By Bryce Fricklas
Boston University Statehouse Program
This article was also published at SouthCoast Today.
BOSTON — Despite its position as a leader in education, Massachusetts’ high success rate belies a growing disparity between children with the most resources and those with the least. Now Boston’s education leaders are pushing for legislation that would close the gap.
But these efforts have been frustrated yet again, as the newest set of early literacy bills were assigned to a study by the Legislature’s Education Committee.
Boston-area authors, educators, activists and parents recently gathered at the Massachusetts Statehouse for a hearing on two bills that would create grants for early childhood literacy programs to screen children struggling with reading comprehension, then deliver the intervention they need to become successful early readers.
The bills, S 2173 and H 3926, which were filed by Sen. Joseph Boncore, D-Winthrop, and Rep. Michael Day, D-Stoneham, would create grants to Massachusetts schools to screen for reading difficulties in students between kindergarten and the fifth grade.
“When children are not educated, and cannot read by the age of 5, they’re twice as likely to wind up in the criminal justice system,” said Boncore. “How can we not do this? That’s the message we need to push.”
According to Every Child Reads Massachusetts, an organization that works on policy interventions aimed at improving third-grade reading proficiency, 53 percent of all third graders in Massachusetts do not read at grade level, and that including 71 percent of low-income students, as well as 80 percent of English language learners.
Meagan DeLeon knows firsthand the importance of early reading opportunities. A native of New Bedford, DeLeon spent the first eight years of her life moving between foster homes, none of which encouraged her development as a reader.
“I was in the lowest reading group at school. I spent many years crying a lot,” she remembers. However, her adoptive parents worked with her closely, encouraging her to read and surrounding her with books, and by the sixth grade she learned excitedly that she had advanced to middle reading level.
“If you’re poverty stricken as a child, you don’t have access to books,” said DeLeon.
Now she is the mother of three top students, as well as an activist with Stand for Children, an organization that pushes for improved resources and opportunities for public school students. The organization recognizes the need to create a culture of reading for children, where reading habits are encouraged.
“I don’t want any more children to fall through the cracks, like I did,” she said.
New Bedford is particularly affected by early literacy issues. The New Bedford Birth-3rd Partnership, a group of over 20 organizations that focuses on giving local children the resources they need to become early readers by supplying books and raising awareness, points out that 36 percent of New Bedford faces poverty, more than triple that of nearby Dartmouth and Fairhaven.
New Bedford’s high school graduation rate stands at 60 percent, only two thirds that of Dartmouth and Fairhaven, both standing at around 90 percent. Despite these numbers, New Bedford’s third grade reading proficiency is only about 10 percent lower than that of Fairhaven, at 45 percent; this indicates things are improving.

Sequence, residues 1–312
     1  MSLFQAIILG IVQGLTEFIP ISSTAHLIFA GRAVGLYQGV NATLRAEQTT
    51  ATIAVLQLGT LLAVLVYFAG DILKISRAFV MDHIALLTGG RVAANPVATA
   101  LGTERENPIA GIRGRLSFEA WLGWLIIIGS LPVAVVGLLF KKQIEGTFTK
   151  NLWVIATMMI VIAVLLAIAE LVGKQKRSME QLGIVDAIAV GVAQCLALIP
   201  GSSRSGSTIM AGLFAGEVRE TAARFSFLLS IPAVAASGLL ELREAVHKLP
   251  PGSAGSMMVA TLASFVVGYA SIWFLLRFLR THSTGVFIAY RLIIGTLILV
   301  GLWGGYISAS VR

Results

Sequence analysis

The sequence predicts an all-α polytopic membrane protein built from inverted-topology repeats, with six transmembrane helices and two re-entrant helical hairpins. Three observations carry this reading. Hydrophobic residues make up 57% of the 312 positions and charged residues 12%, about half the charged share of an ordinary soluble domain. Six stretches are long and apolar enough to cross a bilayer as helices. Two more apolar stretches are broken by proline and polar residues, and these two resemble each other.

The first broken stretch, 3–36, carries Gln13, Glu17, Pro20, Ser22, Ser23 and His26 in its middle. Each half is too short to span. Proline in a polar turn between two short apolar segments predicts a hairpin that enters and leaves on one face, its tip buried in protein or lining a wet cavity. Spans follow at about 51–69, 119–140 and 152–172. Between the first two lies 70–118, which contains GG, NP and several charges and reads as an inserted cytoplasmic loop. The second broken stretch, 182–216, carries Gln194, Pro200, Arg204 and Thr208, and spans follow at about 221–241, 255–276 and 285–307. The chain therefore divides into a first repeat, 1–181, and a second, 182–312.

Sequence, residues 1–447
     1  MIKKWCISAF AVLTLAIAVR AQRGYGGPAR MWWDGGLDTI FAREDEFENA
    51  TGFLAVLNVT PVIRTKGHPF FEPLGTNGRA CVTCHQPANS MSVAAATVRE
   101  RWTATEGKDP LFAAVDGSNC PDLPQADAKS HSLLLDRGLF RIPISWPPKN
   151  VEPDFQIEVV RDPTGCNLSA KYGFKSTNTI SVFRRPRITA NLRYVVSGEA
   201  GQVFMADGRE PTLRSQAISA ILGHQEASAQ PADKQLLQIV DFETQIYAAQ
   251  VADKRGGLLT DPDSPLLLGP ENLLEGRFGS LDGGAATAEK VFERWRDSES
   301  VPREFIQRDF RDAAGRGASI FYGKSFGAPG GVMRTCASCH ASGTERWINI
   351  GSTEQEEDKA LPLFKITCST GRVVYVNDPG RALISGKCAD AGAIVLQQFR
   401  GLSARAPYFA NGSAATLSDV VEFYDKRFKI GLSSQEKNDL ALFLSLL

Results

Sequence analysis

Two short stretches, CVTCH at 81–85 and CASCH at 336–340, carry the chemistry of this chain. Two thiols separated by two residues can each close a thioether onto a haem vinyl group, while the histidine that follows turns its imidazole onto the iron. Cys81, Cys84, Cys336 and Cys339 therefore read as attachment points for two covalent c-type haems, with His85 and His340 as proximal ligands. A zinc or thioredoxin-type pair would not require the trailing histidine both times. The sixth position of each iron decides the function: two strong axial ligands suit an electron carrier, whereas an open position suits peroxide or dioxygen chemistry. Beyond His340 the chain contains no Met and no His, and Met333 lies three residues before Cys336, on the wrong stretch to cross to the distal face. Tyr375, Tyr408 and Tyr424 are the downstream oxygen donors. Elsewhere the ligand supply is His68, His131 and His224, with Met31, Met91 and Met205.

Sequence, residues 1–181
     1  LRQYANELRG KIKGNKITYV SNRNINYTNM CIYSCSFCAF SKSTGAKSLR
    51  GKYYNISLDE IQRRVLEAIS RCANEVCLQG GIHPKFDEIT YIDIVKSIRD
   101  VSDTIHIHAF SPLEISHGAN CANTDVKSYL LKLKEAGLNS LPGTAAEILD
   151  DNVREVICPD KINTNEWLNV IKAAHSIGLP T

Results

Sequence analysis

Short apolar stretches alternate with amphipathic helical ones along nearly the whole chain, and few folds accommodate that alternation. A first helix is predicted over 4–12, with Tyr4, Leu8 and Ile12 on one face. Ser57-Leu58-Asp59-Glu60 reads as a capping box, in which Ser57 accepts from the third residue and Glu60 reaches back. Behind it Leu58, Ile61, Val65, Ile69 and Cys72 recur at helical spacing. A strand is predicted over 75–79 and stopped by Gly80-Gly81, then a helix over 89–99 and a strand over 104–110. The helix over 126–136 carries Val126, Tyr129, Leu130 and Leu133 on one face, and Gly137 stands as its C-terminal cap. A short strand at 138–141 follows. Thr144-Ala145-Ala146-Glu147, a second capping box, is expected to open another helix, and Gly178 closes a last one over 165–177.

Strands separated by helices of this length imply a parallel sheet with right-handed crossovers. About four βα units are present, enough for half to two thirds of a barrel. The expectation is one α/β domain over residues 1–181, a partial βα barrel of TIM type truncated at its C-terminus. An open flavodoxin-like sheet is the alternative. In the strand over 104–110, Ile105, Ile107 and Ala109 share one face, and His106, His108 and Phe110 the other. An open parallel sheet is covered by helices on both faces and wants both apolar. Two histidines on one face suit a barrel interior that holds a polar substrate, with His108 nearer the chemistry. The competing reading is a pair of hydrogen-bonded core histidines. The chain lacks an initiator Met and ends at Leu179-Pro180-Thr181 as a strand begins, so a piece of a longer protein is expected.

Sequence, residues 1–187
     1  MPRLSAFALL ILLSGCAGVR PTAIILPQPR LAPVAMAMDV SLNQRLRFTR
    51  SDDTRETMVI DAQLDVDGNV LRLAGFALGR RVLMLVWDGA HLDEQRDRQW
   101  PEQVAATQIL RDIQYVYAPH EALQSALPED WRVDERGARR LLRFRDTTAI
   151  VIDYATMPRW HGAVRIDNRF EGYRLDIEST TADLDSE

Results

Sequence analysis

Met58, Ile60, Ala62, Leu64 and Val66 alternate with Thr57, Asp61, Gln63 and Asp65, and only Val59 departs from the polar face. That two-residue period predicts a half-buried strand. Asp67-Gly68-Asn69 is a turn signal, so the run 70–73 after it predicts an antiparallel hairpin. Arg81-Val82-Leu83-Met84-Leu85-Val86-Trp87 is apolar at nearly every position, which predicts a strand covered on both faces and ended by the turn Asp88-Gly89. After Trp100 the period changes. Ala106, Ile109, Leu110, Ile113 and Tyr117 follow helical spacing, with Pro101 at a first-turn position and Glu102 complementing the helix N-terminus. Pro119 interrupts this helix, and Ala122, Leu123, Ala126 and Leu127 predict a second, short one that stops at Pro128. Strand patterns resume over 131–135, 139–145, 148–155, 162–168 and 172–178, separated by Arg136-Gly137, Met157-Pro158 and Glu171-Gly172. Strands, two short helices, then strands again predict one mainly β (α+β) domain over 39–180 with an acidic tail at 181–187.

To respond to these challenges, the New Bedford Birth-3rd Partnership is focused on creating a community-wide response, partnering families, teachers, and community organizations to give young readers the support they need.
“We came up with a plan to train up to 80 members, who would not be the usual suspects like teachers and nonprofit professionals, but might be grandparents or community members looking to do more in the community,” said Titus DosRemedios, the director for research and policy for Strategies for Children, one of the New Bedford Birth-3rd Partnership’s member groups.
“Our goal is to train a multi-lingual, multi-cultural cohort, and then keep in touch with them every month after training to ask how they used the information about encouraging children to read. How did you share it with parents? Did you model literacy practices or word games? We thought that would be an effective model for reaching the hardest to reach families, who might not be in any formal programs.”
These sorts of early community interventions are critical for student success.
“We know that if you are a struggling reader in first grade, 70 percent will still struggle by ninth grade,” said Dr. Nadine Gaab, an associate professor of pediatrics at Boston Children’s Hospital, whose research focuses on how auditory and language processing in young children affects the development of language skills. “Students in the 90th percentile may read as many words in three days as a child at the 10th percentile reads in a year.”
Gaab also noted that identifying struggling readers and diagnosing problems like dyslexia can be a particular problem for bilingual students. “They think once kids learn more vocabulary they will catch up. They can fall through the cracks, and often aren’t diagnosed until the end middle school or high school,” said Gaab.
The future for the proposed grant program is unclear after the Legislature’s Education Committee assigned them to a study, a move that often marks the end of the legislative road.